The Dow Jones Sustainability Index (DJSI) results for 2008 are out, and although I’m not a huge fan of corporate sustainability beauty pageants, this one is probably the most credible measure of performance yet. That said, the DJSI is a far from perfect measure of corporate sustainability performance and contribution towards global sustainable development.
With this year’s results, no stunning news then for the Technology sector with Intel continuing to lead over all and SAP (see my disclosure) also continues its lead in the software sub sector with Symantec as a new addition to the existing group which also includes Autodesk, Trend Micro and Microsoft. Intel’s overall lead is well deserved but I can imagine some nervousness in Santa Clara after a challenging year not least with OLPC fallout as Dave Stangis described in his ‘A Painful Start to the New Year’ blog post back in January.
If there is something to niggle with on the DJSI is that it is still very much a risk based assessment of sustainability performance which alone, in my view, is trending towards redundancy at least for the Tech sector. For example, in two major focus areas of risk and human capital management the Technology and Utilities sectors score inversely. The Technology sector scores almost 10% and 0.5% below average respectively whilst the Utilities sector scores best with scores 13% above average in each category. This is indicative of sustainability rankings overall – the higher the impact, the better the risk recognition and management systems which results in a higher score even if the actual sustainability impact is not improving all that much.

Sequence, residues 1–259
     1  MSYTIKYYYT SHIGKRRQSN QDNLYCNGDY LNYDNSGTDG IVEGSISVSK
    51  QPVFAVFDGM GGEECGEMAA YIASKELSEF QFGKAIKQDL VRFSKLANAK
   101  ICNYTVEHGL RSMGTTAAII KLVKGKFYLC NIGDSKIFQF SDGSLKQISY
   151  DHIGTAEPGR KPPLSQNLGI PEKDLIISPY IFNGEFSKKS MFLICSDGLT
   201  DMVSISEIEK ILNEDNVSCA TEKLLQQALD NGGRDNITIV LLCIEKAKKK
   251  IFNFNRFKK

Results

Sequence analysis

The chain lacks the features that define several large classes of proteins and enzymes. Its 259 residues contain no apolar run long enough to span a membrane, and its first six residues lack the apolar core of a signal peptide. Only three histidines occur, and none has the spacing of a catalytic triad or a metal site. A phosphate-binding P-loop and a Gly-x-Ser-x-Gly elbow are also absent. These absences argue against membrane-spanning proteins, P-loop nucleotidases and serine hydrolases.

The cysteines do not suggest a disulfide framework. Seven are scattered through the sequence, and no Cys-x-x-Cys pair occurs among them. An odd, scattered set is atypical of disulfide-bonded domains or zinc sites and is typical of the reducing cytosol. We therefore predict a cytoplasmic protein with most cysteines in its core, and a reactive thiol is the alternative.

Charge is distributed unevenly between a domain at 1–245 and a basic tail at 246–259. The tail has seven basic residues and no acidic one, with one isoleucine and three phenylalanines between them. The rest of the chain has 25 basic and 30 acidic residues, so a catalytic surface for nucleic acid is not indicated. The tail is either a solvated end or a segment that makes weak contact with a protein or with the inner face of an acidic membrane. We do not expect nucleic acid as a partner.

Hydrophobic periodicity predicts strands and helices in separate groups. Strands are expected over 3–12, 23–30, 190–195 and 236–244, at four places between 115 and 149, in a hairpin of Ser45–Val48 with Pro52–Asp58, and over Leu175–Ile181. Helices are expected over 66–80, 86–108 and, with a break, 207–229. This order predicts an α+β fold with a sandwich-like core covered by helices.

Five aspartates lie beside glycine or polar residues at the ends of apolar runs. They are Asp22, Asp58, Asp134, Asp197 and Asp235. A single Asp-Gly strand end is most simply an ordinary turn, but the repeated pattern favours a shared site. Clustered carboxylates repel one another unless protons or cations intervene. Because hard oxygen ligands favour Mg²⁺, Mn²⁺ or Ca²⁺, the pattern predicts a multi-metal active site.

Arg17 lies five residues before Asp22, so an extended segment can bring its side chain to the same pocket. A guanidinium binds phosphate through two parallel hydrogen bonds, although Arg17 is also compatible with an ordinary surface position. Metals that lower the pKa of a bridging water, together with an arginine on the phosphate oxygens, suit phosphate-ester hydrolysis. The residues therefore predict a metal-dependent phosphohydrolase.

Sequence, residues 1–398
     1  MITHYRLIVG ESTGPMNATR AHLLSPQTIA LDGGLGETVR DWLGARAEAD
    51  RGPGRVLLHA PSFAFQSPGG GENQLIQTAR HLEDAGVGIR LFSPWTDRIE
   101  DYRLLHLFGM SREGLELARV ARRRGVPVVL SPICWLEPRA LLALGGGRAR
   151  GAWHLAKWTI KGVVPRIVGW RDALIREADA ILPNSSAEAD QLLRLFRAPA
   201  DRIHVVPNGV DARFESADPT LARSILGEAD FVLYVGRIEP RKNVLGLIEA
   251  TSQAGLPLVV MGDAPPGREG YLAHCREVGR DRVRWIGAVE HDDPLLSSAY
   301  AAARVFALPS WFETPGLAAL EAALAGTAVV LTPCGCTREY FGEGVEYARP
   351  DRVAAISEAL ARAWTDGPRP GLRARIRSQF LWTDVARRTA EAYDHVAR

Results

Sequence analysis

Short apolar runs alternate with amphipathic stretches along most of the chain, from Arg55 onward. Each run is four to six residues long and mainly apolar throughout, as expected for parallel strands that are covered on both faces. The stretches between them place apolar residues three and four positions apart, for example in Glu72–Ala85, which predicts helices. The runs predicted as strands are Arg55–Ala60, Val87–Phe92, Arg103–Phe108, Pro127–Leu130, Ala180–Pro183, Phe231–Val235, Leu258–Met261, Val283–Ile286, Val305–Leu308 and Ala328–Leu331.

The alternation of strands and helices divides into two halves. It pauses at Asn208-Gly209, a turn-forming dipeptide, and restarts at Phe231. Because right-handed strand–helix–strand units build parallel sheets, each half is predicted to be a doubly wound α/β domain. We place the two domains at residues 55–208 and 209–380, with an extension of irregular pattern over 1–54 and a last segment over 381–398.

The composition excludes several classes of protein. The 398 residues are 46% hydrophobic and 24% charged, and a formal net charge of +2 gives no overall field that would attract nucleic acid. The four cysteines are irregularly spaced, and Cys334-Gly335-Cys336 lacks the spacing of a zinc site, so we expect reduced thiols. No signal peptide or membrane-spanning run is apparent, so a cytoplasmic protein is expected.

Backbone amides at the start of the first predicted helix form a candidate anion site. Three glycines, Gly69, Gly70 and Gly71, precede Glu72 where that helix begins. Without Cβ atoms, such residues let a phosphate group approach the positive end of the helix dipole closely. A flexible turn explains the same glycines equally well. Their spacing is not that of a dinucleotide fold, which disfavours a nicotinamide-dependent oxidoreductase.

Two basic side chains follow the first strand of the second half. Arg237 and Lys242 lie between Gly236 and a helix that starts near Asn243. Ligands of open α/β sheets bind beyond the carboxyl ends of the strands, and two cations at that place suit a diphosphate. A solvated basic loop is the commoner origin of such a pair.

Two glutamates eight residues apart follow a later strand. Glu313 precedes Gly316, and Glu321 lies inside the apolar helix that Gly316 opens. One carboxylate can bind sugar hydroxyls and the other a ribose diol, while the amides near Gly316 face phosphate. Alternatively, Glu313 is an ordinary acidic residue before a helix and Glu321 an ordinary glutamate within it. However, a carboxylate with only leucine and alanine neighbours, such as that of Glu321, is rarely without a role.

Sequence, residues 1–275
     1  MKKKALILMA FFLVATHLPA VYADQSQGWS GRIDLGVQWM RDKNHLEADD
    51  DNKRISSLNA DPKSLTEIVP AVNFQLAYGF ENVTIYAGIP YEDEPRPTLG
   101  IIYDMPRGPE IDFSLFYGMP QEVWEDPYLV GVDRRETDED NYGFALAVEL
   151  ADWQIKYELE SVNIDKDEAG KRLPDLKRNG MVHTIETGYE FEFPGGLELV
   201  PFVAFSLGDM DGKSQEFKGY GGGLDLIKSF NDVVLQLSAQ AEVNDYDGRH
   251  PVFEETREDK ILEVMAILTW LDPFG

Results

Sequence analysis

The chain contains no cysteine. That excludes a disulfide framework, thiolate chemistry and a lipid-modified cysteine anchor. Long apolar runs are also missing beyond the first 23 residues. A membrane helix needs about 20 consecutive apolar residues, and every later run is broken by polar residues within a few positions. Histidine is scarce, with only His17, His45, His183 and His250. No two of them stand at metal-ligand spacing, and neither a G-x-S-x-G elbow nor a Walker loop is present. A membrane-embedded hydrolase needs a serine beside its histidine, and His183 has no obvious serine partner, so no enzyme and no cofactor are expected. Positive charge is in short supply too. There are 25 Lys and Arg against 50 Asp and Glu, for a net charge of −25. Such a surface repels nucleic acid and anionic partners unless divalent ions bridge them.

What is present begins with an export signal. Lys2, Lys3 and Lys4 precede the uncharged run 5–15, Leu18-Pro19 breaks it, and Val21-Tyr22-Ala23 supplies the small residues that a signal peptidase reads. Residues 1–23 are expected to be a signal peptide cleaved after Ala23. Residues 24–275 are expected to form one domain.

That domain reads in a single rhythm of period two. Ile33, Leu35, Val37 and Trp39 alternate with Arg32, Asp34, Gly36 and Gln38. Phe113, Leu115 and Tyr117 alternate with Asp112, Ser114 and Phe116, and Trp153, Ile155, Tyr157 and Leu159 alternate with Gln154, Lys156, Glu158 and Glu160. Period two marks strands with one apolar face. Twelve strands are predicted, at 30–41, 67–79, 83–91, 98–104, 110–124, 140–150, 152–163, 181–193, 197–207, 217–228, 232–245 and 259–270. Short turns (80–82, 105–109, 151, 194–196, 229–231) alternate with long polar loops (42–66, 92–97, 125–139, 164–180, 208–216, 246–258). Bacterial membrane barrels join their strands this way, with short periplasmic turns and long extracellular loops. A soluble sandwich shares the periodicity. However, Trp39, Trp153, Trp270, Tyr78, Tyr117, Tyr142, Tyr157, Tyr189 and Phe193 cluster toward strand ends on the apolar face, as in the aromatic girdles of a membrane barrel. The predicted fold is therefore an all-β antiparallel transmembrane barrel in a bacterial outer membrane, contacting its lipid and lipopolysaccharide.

So what gives? First, high impact companies such as those in the Utilities sector have had a sustainability baptism of fire and have become more adept at managing sustainability disciplines in ways that create value for their business especially in terms of risk reduction. Second, for lower impact Technology companies there has never really been any serious pressure to perform on sustainability on the risk side. That is not to say the risk has not been entirely present – the Human Capital Development scores for example should give any Tech exec pause for thought. Admittedly, risk and human capital management are generic categories that any industry can and should do well managing regardless of the industrial context. But this does beg the point - firms that are more focused on sustainability, even if out of necessity, seem to be better adapted to understanding & managing the risks and opportunities that are relevant, eventhough more externalised, to the current business model.
But the big issue with rankings such as DJSI is that they are still too generic and too focused on risk management systems above all other performance considersations. What we need to measure real sustainability performance in the Tech Sector is a sustainability index that measures & balances well not just risk but also sustainability opportunity and especially sustainability innovation opportunity cost.